(Yicai Global) May 9 -- Boosted by a stable economy and gradually strengthening domestic demand, China's import growth rebounded last month, according to the latest trade data. Export growth slowed though there were positive indications.
Exports fell 2.7 percent in April compared with a 1.4 percent gain for the first quarter, the data showed. Imports rose by 4 percent, a significant rebound from the 4.8 percent drop logged for the first three months of the year.
China's domestic demand is expected to stabilize and recover, spurred by a number of favorable policies, including tax cuts and fee reductions, and we believe that the import growth is in the process of improving. Specifically, the stabilization of production has led to an increase in the volume of commodity imports, with imports of products such as crude oil, steel and copper growing faster. At the same time, prices of primary commodities, including iron ore, rose sharply, supporting import growth.
Driven by cuts in value-added tax and policies to stimulate auto sales, imports of vehicles and chassis have rebounded significantly.
It's worth noting that China's stimulus policy, which gives priority to cutting taxes and administrative fees and supporting private businesses, is different from previous measures that buoyed economic activity through investment. This time, the boost to the overseas economy is expected to be smaller and may come later, while China's economy was the first to show signs of stabilizing in the first quarter this year. Imports are likely to grow faster than exports in the short term, so the trade surplus may face further narrowing pressure.
Slowing Export Growth
Export growth last month continued to fall from the first quarter, mostly impacted by three factors -- a weaker global economy, a higher export base in April and the generally declining export growth of labor-intensive products such as clothes and toys, compared with the recovery of exports in Southeast Asian countries, including Vietnam. The third factor is likely to push some orders to Southeast Asian countries from China.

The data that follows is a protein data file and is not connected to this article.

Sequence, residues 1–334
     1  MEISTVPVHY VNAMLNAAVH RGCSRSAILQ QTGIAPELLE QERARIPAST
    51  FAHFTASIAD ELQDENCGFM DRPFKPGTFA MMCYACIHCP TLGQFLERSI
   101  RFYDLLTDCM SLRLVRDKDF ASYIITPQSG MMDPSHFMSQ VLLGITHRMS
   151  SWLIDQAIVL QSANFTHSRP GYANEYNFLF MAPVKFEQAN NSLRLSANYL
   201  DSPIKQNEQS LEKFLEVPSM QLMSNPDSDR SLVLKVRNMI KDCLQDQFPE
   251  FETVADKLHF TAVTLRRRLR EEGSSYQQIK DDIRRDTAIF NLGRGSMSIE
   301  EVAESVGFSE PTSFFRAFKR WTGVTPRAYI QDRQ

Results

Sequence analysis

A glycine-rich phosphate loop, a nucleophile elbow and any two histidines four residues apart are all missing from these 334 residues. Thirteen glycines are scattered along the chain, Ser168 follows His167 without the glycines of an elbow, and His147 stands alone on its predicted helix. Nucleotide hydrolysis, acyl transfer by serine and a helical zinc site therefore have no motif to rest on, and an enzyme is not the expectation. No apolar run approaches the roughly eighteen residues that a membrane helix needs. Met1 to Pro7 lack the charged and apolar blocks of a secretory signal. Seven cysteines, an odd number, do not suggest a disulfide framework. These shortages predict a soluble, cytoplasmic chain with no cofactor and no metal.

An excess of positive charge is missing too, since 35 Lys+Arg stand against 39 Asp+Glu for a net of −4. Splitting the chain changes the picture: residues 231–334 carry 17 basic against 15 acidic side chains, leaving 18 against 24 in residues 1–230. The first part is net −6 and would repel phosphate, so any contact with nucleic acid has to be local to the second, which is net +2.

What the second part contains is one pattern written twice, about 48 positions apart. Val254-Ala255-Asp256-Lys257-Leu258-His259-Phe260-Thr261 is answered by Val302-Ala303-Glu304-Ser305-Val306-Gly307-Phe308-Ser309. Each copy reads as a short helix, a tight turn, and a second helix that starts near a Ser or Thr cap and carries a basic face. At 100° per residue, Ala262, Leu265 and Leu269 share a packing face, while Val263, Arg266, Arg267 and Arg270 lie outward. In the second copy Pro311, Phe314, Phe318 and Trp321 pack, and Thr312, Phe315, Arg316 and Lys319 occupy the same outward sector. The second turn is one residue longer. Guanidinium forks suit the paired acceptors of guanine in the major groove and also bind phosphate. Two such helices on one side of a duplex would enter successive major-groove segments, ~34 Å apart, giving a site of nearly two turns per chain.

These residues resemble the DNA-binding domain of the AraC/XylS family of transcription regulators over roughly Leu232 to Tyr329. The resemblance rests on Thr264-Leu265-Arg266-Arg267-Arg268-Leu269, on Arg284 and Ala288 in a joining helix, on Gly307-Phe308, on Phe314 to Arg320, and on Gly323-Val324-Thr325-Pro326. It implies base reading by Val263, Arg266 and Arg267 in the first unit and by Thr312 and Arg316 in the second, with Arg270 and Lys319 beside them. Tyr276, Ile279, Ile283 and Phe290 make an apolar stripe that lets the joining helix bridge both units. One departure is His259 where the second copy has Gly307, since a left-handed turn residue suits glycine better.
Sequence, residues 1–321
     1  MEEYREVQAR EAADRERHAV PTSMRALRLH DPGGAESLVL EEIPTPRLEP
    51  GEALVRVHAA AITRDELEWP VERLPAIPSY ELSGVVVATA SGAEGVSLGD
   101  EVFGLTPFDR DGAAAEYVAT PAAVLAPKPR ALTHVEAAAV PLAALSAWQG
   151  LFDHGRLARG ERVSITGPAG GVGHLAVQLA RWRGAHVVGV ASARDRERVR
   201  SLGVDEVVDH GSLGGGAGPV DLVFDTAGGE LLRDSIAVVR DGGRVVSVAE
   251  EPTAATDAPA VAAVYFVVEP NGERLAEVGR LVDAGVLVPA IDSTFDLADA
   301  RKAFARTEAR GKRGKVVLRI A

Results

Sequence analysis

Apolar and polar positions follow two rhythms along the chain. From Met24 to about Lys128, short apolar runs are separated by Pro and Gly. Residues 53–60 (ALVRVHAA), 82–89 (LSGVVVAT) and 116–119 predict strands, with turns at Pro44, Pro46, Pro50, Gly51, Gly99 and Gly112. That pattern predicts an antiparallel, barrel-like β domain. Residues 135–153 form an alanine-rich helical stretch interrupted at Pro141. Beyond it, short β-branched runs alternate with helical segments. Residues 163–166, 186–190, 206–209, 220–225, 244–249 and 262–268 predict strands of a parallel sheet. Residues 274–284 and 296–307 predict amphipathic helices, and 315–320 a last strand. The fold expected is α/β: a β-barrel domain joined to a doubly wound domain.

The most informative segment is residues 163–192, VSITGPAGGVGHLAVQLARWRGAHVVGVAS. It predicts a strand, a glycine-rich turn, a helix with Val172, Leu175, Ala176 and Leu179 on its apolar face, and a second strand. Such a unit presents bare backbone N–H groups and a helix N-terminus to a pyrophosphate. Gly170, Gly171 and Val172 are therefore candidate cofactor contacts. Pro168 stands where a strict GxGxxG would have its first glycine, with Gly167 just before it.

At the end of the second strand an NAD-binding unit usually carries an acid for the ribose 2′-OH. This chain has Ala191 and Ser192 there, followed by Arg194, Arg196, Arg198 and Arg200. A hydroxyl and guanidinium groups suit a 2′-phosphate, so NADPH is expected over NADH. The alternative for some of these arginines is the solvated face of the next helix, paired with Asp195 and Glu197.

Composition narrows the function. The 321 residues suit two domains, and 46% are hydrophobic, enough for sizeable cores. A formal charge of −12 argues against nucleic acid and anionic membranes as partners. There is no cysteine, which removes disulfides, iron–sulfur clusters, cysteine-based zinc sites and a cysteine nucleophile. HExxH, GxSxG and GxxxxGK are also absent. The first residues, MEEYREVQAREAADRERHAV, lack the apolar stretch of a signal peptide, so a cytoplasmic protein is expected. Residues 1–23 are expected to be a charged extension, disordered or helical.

However, excessive pessimism about China's exports is unnecessary since some recent positive factors are noteworthy. First, China's exports to the Eurozone are still growing, and growth is the fastest among major export destinations. Second, China's exports to South Korea and Vietnam have recovered. Third, the purchasing manager indexes of three major economies -- the European Union, the US and Japan -- have probably bottomed out, suggesting a further sharp decline in global demand is less likely.
Still it will be difficult for China's export growth to rebound significantly due to various factors, including overall weak demand overseas and increasing uncertainty in the trade environment.
Zhong Zhengsheng is the president and chief economist of consultancy CEBM Group, a subsidiary of the Caixin Insight Group.
Editor: Xu Wei